Kale is one of the healthiest vegetables around and one way to be sure to enjoy the maximum nutrition and flavor from kale is to cook it properly.
With over 70 new recipes and stunning photography, Rena gives easy recipes on cooking with Kale and the health benefits that using Kale as a main ingredient or part of your meal is easy to cook.
A collection of 60 recipes for turning ordinary salads into one-dish worthy meals.
Does anybody need a recipe to make a salad? Of course not. But if you want your salad to hold strong in your lunch bag or carry the day as a one-bowl dinner, dressing on lettuce isn't going to cut it.
Make way for Mighty Salads, in which the editors of Food52 present sixty salads hefty with vegetables, meats, grains, beans, fish, seafood, pasta, and bread. Think shrimp and radicchio tossed in a bacon vinaigrette, a make-ahead jumble of white beans with charred lemon and fennel, slow-roasted duck and apples scattered across spicy greens. It's comforting food made captivating by simply charring one ingredient or marinating another--shaving some, or roasting a bunch.
But because we don't always follow recipes, there are also loose formulas for confident off-roading, as well as back-pocket tips and genius tricks for improving any old salad. Because once you know how to fix too-salty dressing, wash greens once and for all, keep an avocado from browning, and even sprout your own grains, the humble salad starts looking a lot more interesting--and a whole lot more like dinner.
Greens--collard, turnip, mustard, and more--are a defining staple of southern food culture. Seemingly always a part of the southern plate, these cruciferous vegetables have been crucial in the nourishing of generations of southerners. Having already been celebrated in operatic terms--composer Price Walden's Leaves of Green includes this lyrical note: From age to age the South has hollered / The praises of the toothsome collard--greens now get their leafy culinary due in Thomas Head's Savor the South(R) cookbook.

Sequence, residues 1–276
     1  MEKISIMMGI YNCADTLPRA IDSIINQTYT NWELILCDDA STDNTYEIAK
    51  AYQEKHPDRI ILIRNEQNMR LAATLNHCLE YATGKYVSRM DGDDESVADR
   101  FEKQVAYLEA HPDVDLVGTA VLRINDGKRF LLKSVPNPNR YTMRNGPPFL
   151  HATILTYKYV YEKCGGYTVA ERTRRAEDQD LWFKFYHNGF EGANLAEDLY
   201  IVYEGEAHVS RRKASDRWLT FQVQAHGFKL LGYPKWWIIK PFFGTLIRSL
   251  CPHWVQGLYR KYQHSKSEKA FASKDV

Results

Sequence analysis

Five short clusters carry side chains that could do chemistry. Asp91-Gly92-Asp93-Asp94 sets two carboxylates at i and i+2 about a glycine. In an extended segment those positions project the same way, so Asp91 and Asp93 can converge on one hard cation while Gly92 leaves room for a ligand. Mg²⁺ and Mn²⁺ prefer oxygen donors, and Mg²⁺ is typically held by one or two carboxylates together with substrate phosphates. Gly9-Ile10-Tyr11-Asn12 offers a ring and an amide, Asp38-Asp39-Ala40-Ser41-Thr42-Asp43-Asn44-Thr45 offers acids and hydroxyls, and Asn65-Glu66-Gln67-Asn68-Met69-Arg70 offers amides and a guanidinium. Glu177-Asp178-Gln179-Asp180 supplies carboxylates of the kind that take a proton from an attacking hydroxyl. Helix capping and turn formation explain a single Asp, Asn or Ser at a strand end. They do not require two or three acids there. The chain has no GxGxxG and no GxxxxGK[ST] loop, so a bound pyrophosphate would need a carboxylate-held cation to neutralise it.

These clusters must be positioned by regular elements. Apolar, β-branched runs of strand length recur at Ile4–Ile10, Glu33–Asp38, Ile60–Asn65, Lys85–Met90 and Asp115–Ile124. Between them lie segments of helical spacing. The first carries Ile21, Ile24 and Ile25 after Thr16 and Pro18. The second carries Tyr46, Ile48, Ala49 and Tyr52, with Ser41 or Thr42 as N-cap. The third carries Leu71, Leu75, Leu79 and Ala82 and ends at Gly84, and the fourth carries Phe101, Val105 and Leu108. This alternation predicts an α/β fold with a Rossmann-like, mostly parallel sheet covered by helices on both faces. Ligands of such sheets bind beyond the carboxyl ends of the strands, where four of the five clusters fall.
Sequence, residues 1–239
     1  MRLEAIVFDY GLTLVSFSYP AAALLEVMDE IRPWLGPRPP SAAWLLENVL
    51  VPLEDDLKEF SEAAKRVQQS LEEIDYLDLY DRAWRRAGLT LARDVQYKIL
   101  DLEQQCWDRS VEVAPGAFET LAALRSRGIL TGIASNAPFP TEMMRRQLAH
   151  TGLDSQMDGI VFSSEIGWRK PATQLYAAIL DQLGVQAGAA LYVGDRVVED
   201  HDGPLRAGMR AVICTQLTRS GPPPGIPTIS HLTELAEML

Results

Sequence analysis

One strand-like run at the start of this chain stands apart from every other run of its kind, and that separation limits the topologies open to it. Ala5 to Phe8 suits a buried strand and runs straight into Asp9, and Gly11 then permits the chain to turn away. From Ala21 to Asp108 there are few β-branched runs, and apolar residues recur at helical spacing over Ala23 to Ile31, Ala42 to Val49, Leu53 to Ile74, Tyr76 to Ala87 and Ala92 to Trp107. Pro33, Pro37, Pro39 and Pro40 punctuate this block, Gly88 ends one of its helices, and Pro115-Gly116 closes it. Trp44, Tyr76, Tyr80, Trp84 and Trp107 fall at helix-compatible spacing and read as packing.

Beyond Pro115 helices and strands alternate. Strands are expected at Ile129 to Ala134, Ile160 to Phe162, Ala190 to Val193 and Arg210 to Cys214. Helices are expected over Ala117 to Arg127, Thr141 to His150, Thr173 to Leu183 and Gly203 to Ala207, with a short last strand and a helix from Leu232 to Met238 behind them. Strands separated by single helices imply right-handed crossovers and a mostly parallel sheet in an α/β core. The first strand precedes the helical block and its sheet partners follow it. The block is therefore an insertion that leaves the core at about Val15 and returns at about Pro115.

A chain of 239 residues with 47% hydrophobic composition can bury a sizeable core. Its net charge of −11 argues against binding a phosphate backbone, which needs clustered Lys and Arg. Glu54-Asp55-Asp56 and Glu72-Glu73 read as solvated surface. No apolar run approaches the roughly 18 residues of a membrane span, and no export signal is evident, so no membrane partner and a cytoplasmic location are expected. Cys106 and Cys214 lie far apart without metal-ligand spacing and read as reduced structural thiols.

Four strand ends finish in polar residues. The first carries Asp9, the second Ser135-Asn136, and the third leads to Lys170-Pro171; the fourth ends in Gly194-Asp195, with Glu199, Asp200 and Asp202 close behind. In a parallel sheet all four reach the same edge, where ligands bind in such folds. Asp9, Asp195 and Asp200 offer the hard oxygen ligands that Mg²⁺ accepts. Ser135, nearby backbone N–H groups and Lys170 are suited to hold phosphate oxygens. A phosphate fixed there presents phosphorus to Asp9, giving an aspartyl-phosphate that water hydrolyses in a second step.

Head provides a fascinating culinary and natural history of greens in the South, as well as an overview of the many varieties of edible greens that are popular in the region. Including practical information about cultivation, selection, and preparation, Head also shows how greens are embraced around the world for their taste and healthfulness. The fifty-three recipes run from classic southern potlikker styles to new southern and global favorites. From Basic Southern Greens to Turnip Green Tarts to Greens Punjabi-Style, cooks will find plenty of inspiration to go green.
A guide to creating perfectly fresh--and transportable--salads. Put down that sandwich Here you'll find healthy and delicious lunch ideas to get you through the year. Who wants a soggy salad for lunch? The trick to a perfectly fresh and crisp salad that can be kept in the refrigerator the night before is all about the layering: the dressing at the base, followed by protein or grains, then nuts or seeds, with the leafy greens and herbs on top. When you're ready to eat the salad, turn the jar out into a bowl and enjoy immediately Jar Salads contains fifty-two deliciously inventive salads--a new one for every week of the year. From a Mexican-inspired vegetarian taco salad to a Vietnamese pork and-vermicelli-noodle salad, and classic salad combinations, Jar Salads has all tastes covered. All you need is a screw-top mason jar and a bunch of fresh ingredients. This year, get inspired to get healthy